For our research, we updated the list of the local endemic flora of Crete [27] on the basis of the most informed literature on the flora of Crete and Greece [28,29,30]. We updated all scientific names of taxa using the currently accepted ones and we cross-checked endemism and chorology based on Dimopoulos et al. [28, 29]. After cross-checking, we excluded from the previous list: (a) all hybrids mentioned by Fielding and Turland [27]; (b) taxa that were not single-island endemics as they were found subsequently also on Karpathos island (Arum purpureospathum, Bellis longifolia, Pimpinella tragium subsp. depressa, Hypericum empetrifolium subsp. oliganthum) or elsewhere in Greece (Carlina curetum, Galium graecum subsp. pseudocanum, Solenopsis minuta subsp. annua) or in other countries (Androcymbium rechingeri) and (c) taxa that are now included under more widespread ones, i.e. Centaurea raphanina subsp. saxatilis nowadays under C. raphanina subsp. raphanina; Cirsium creticum subsp. dictaeum under C. creticum subsp. creticum; Colchicum cousturieri under C. cupanii subsp. cupanii; Ophrys creberrima, O. cressa, O. creticola and O. thriptiensis, all under O. fusca subsp. fusca; Ophrys cretica subsp. bicornuta under O. cretica subsp. cretica, and O. grigoriana under O. sphegodes subsp. spruneri. In our updated list of the local endemic plants of Crete, we added: (a) taxa that have been well-established and are therefore currently accepted [27], i.e. Prospero battagliae, P. depressum, P. hierapytnense, P. idaeum and P. rhadamanthi; (b) taxa that have been re-established after taxonomic revisions and are therefore accepted [28, 29], i.e. Astragalus creticus subsp. creticus and subsp. minoicus, A. dolinicola [31], Carex cretica [32, 33] and C. idaea [32], Cotoneaster creticus [34], Cyclamen confusum [35], Festuca polita subsp. cretica [36], Hieracium schmidtii subsp. creticum [37], Linum caespitosum and L. doerfleri [38], Micromeria hispida and M. sphaciotica [39], and Tulipa bakeri [27,28,29,30, 40]; and (c) taxa that have been recently discovered and described [41,42,43,44,45,46,47,48,49,50]. This extensive update after the most recently published information resulted in 223 taxa that make nowadays the endemic flora of vascular plants of Crete (species and subspecies) (see Additional file 1).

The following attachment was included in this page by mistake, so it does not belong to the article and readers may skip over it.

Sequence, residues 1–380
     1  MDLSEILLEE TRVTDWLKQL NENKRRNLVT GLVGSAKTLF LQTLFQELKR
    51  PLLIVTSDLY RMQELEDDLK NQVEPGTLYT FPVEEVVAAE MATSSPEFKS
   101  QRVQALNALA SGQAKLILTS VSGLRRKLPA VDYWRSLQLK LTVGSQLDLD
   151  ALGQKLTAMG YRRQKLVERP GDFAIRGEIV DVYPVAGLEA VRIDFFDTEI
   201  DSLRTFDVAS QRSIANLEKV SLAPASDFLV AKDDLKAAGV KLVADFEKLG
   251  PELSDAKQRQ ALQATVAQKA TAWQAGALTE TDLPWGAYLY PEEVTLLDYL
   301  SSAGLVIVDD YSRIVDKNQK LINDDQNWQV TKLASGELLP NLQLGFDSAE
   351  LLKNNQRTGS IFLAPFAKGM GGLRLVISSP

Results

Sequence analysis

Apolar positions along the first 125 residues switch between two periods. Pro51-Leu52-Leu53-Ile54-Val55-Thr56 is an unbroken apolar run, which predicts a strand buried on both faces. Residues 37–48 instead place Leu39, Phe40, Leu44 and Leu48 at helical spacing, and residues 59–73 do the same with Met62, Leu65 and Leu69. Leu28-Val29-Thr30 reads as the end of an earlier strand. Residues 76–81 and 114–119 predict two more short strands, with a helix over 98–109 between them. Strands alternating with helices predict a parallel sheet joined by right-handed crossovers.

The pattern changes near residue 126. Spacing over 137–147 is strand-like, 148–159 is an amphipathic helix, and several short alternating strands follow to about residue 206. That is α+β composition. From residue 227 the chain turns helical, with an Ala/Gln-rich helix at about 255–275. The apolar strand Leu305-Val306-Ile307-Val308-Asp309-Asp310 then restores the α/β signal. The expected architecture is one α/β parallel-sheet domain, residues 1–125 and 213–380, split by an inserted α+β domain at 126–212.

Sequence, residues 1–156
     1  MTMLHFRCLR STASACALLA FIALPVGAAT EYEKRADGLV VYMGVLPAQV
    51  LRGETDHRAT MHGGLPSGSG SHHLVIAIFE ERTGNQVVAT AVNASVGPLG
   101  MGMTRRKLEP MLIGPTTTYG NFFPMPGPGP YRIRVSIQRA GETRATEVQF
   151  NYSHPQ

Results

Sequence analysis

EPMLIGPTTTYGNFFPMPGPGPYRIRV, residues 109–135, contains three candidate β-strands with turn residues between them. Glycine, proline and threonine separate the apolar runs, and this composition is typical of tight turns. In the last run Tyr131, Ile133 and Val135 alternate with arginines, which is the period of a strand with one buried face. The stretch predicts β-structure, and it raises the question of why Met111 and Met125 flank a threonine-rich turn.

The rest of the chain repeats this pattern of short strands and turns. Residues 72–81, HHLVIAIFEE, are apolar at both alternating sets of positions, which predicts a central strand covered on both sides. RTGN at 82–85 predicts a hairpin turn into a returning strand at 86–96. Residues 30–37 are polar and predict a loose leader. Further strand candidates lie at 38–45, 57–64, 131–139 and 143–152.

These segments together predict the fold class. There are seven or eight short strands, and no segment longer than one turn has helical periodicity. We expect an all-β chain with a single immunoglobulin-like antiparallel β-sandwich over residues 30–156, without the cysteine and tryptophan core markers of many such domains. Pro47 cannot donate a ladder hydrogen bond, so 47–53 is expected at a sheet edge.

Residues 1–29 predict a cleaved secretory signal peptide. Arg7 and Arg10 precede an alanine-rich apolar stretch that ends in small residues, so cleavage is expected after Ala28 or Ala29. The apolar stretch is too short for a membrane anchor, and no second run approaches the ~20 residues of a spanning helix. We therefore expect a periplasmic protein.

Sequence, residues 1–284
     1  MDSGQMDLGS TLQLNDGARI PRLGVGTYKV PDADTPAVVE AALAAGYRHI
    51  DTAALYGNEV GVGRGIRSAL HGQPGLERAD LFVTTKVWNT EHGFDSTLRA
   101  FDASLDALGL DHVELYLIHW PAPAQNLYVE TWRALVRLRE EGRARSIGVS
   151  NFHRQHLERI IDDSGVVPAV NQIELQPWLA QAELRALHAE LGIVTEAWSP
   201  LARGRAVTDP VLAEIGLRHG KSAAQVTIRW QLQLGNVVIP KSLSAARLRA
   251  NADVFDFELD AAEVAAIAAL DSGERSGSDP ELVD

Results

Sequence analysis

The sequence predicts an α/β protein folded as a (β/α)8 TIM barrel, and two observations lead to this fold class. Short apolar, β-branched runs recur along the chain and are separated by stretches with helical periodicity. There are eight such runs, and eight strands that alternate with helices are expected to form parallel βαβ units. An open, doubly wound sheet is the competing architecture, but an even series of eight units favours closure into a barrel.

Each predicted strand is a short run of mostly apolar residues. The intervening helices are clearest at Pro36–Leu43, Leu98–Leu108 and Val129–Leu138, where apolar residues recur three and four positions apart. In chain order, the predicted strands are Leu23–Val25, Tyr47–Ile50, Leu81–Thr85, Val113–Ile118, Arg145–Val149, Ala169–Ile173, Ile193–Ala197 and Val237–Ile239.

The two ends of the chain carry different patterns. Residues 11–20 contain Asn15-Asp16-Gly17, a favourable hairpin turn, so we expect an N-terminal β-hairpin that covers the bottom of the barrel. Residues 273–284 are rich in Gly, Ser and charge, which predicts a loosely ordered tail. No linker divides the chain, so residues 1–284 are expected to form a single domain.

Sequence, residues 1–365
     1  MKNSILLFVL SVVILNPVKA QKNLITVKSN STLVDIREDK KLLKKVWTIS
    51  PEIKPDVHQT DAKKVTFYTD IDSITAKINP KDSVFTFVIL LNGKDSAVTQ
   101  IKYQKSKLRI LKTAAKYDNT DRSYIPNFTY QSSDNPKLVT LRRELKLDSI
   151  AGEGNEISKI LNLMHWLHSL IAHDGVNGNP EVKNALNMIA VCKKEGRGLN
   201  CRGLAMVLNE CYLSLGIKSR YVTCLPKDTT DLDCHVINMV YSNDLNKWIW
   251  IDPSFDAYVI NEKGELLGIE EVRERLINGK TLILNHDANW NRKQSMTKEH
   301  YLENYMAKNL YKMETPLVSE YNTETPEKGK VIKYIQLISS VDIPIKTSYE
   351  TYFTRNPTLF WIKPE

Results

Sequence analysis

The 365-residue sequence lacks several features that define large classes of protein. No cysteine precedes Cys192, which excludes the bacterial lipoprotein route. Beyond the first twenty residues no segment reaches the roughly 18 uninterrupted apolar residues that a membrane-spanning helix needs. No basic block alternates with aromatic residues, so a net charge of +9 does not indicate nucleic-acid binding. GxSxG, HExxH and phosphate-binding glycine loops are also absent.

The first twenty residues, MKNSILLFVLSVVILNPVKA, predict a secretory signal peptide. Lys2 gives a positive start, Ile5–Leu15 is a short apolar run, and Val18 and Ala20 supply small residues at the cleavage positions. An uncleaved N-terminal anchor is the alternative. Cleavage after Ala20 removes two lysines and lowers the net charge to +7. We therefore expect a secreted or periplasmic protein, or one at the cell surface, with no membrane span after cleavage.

For every single-island endemic taxon, we searched for indications of electronic trade as living material (whole plant, bulb or seed). We did not consider trade of dried herbal material cut from plants (wild growing or cultivated) that is used for tea making (i) because in this form, plants are not genetic resources, and (ii) because an exploratory study that we conducted before finalizing the methodology of our research showed that the single-island endemic plants of Crete contained in these teas are almost exclusively Origanum dictamnus, Sideritis syriaca subsp. syriaca and Origanum microphyllum. All three derive from small-scale cultivations or from the wild, in the latter case being collected under special permits issued by the Greek authorities following assessment of the natural populations, and are certified.